Creepy クリーピー 偽りの隣人 Dir: Kiyoshi Kurosawa (2016)

Creepy       

Creepy Film Poster
Creepy Film Poster

クリーピー 偽りの隣人 「Kuri-pi- Itsuwari no Rinjin」 

Running Time: 130 mins.

Release Date: June 13th, 2016

Director: Kiyoshi Kurosawa

Writer: Kiyoshi Kurosawa, Chihiro Ikeda (Screenplay), Yutaka Maekawa (Original Novel)

Starring:  Hidetoshi Nishijima, Teruyuki Kagawa, Yuko Takeuchi, Masahiro Higashide, Haruna Kawaguchi, Ryoko Fujino, Toru Baba, Misaki Saisho,

Website IMDB

I have been sitting on this film review for nearly two years. Due to the tragic death of Yuko Takeuchi, I have released it in her honour. This film is available to view for free on Amazon Prime in Japan and the UK, so please take the time to watch it and see Yuko Takeuchi in action.

Kiyoshi Kurosawa has crafted some chilling antagonists in his horror films, all based on original scripts. The amoral magnetism of the mesmerist Mamiya from Cure and the ghosts of Pulse are some of the most memorable, but they were just the symptom and not the cause of the main character’s true conflicts. Alienation caused by society was at fault for channelling these monsters into everyday settings. This sense of disconnection is something Kurosawa masterfully utilised in the family drama Tokyo Sonata where a patriarch and his clan lose their cohesion after he loses his job and the family each reformulate their sense of place in the world. With family time made unbearable by the barely suppressed anger and disappointment each character feels, it strikes a very realistic chord whilst being scary like much of Kurosawa’s horror output. Creepy is based on a book by Yutaka Maekawa and while Kurosawa may not have scripted the antagonist, he is one of his most odious bad guys yet.

He gave me the creeps.”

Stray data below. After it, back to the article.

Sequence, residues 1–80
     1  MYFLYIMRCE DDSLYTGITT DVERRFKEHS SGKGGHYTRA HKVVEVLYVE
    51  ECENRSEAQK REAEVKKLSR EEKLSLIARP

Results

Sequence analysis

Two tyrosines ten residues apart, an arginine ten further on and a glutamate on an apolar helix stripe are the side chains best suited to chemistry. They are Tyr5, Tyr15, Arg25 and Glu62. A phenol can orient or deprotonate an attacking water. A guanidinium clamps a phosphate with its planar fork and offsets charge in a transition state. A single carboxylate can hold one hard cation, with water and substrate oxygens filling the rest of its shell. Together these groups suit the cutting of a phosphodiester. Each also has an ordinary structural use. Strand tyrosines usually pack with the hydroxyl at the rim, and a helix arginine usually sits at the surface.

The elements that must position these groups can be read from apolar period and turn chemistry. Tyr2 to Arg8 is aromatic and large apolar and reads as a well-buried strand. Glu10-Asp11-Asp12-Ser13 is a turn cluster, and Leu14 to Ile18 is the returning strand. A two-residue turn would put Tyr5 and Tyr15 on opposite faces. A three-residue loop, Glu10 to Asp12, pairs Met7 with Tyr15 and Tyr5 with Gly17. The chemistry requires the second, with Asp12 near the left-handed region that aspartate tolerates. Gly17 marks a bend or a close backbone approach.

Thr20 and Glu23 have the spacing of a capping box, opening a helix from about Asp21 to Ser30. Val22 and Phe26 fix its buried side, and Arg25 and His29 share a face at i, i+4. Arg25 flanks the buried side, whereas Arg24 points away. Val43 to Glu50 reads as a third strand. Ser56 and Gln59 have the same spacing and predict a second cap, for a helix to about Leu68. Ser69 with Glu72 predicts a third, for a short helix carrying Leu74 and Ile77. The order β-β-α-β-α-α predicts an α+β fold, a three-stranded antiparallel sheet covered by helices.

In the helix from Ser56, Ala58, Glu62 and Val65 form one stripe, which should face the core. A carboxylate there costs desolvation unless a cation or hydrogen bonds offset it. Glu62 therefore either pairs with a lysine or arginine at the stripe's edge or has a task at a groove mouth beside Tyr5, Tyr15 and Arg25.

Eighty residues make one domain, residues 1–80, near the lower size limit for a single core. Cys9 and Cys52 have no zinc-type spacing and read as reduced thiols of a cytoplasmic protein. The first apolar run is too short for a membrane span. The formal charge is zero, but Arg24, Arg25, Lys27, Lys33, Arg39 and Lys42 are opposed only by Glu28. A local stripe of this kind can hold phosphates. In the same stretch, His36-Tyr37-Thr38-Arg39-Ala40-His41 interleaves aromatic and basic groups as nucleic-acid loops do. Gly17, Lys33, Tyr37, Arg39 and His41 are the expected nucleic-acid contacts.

Ex-detective Koichi Takakura (Hidetoshi Nishijima) quits the Tokyo police force after a psychopath almost kills him. He ups roots and moves with his wife Yasuko (Yuko Takeuchi) to the suburbs and takes up work as a university lecturer in criminal psychology. Their new life seems stable enough. He thinks his job is fun, she is busy as a housewife and their new house seems pleasant but things turn sour when they introduce themselves to their next door neighbours. One set, the Tanakas’, aren’t interested in getting to know them and then there is Mr. Nishino (Teruyuki Kagawa) who seems to hide his wife and daughter Mio (Ryoko Fujino) from the outside world.

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Penguin Highway  ペンギン・ハイウェイ Dir: Hiroyasu Ishida (2018) [Kotatsu Japanese Animation Festival 2019]

Penguin Highway      Penguin Highway Film Poster

ペンギン・ハイウェイ 「Pengin Haiuei

Release Date: August 17th, 2018

Running Time: 119 mins.

Director: Hiroyasu Ishida

Writer: Makoto Ueda (Screenplay), Tomihiko Morimi (Original Script)

Starring: Kana Kita (Aoyama), Yuu Aoi (Mysterious Lady), Hidetoshi Nishijima (Aoyama’s Father), Megumi Han (Hamamoto), Naoto Takenaka (Hamamoto’s Father),

Animation Production: Studio Colorido

Website  ANN  MAL

Ten years since his three-minute student short film Fumiko’s Confession brought him to worldwide attention, Hiroyasu Ishida has taken the helm of his first feature, Penguin Highway, for Studio Colorido. A little more calm and controlled than his manic and comedic debut, what remains the same is his knack for telling a tale from a kid’s perspective and with a lot of heart.

Based on a same-named book by Tomihiko Morimi, the story takes a child’s-eye view of the world by following the adventures of Aoyama and his coterie of friends who live in a quiet suburban town. These bright and bubbly kids are charmers as they all display cute foibles while getting lost in their everyday squabbles and learning more about their world in a laid-back summertime atmosphere. Things take a turn for the fantastical as penguins start popping up everywhere without warning.